Levine thinks it is likely that Paul’s thinking stemmed from a belief that the Messianic age was near. Paul may have reasoned that making it as easy as possible for Gentiles to accept God was good because more Gentiles would come to knowledge of the one true God of Israel. He probably didn’t visualize the fact that nearly 2,000 years would elapse and we would still be waiting for the second coming of Yeshua. He also might be shocked to see the difference between modern-day Christians and the early Church. The different life practices of Christians (as the followers of Yeshua came to be called) and Jews made it difficult for true fellowship to be possible. This is especially true concerning food. A Torah-observant Jewish person could not eat at the same table with those eating forbidden foods—like pork.

Accommodations to Roman Culture

Roman statue of the god Mars www.wikipedia.org/ Kaly99

Masters International School of Divinity Professor Skip Moen teaches that in the ancient Roman world three things in the Jewish faith and practice were viewed as particularly odd (and perhaps offensive) to the Romans: circumcision (considered barbaric), prohibition on eating pork (which Romans loved) and keeping the Sabbath and holidays (which seemed lazy.) The Jerusalem Council was deemed to have eliminated all of these stumbling blocks.

It is my opinion that if the Apostles had been able to see the direction the largely Gentile church would take, they would have been shocked. How could it be otherwise? These Jewish men who followed a Jewish Messiah kept the biblical feasts, kept the Sabbath (Shabbat) and honored the Tenakh (Gen.–Mal.) would have undoubtedly been ill at ease in a Church that did away with or radically altered all the faith practices of biblical Judaism. I am sure that they never envisioned the day when followers of Yeshua would no longer celebrate His feasts or the Sabbath. Could they have imagined a day when Gentile believers would claim that they were the new Israel and that God was finished with the Jewish people? I think not.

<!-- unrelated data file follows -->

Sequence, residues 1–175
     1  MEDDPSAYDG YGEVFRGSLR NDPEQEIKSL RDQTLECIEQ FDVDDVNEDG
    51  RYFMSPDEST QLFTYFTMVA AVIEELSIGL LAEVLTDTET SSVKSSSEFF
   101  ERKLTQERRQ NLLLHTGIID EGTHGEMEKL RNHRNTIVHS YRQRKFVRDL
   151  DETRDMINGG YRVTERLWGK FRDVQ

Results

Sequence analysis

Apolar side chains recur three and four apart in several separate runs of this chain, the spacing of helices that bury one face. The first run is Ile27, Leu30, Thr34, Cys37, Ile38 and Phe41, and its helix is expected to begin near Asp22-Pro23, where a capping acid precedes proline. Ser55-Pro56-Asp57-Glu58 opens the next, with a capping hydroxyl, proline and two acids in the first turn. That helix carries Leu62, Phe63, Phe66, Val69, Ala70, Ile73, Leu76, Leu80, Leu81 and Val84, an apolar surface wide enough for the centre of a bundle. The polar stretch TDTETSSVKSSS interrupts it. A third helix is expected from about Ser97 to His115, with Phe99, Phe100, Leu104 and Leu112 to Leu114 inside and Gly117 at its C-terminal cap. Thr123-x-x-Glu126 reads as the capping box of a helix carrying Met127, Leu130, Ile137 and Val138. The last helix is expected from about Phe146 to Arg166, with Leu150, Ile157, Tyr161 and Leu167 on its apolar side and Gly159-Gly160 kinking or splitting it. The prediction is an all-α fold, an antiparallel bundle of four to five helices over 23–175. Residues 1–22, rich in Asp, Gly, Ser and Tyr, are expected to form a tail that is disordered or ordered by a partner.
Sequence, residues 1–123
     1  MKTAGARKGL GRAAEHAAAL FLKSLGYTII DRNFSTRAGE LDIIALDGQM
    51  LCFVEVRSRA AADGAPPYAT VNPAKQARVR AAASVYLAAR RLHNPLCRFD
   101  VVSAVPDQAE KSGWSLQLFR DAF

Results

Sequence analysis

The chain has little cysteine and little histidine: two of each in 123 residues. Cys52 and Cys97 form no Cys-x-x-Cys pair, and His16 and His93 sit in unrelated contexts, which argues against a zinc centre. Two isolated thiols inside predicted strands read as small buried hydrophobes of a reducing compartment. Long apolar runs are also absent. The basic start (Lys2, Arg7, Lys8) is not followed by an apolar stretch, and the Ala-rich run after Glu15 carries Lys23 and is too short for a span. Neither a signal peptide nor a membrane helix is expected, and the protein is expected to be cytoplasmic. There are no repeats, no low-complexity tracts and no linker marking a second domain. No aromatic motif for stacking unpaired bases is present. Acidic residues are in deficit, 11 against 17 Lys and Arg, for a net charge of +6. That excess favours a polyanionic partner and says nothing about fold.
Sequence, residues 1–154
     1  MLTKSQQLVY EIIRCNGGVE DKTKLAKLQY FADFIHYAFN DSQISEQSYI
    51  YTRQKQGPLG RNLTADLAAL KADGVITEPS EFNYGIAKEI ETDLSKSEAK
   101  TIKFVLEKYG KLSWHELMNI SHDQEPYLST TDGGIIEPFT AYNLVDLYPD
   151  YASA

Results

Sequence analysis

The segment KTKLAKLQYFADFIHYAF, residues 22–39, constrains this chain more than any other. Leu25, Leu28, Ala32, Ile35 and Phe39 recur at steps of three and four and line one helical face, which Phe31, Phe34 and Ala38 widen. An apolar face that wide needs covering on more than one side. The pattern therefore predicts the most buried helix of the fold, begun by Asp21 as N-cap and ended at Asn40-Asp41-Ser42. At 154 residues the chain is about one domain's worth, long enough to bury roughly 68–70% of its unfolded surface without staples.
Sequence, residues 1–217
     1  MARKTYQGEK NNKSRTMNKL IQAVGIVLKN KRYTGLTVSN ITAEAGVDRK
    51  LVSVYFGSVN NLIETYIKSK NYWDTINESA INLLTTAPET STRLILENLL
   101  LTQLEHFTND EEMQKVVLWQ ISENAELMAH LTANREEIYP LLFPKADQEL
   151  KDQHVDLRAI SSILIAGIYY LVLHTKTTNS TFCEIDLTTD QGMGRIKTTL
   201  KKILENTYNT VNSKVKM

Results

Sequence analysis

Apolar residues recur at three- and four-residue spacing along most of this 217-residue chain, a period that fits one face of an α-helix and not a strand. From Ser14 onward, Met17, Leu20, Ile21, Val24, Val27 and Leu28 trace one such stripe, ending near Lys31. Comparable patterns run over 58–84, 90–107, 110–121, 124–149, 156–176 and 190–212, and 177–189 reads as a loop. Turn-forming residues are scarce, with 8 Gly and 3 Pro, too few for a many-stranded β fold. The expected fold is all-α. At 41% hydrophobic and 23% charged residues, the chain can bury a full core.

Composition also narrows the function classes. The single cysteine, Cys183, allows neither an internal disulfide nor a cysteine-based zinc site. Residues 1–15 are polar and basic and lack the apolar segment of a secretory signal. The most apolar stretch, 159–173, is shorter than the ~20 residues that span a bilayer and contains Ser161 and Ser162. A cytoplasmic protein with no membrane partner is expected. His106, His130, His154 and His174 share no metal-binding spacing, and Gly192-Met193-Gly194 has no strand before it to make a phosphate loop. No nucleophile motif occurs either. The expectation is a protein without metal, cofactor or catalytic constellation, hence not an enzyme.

Still we must appreciate the fact that God was leading the Apostles with a strategy to reach the world. “After this I will return and will rebuild the tabernacle of David, which has fallen down; I will rebuild its ruins, and I will set it up; so that the rest of mankind may seek the LORD, even all the Gentiles who are called by My name, says the LORD who does all these things” (Acts 15:16–17—quoted from Amos 9:11–12). God’s plan was good. But, in my opinion, in the generations to come, men went farther than God had planned.

The Next Generations

It seems that the seeker-sensitive strategy of Paul and the Apostles bore much fruit. The numbers of believers grew. Bruce Shelley says, “First and rather obviously, early Christians were moved by a burning conviction. The Event had happened. God had invaded time, and Christians were captivated by the creative power of that grand news. They knew that men had been redeemed and they could not keep to themselves the tidings of salvation. That unshakeable assurance, in the face of every obstacle including martyrdom itself, helps explain the growth of the church.”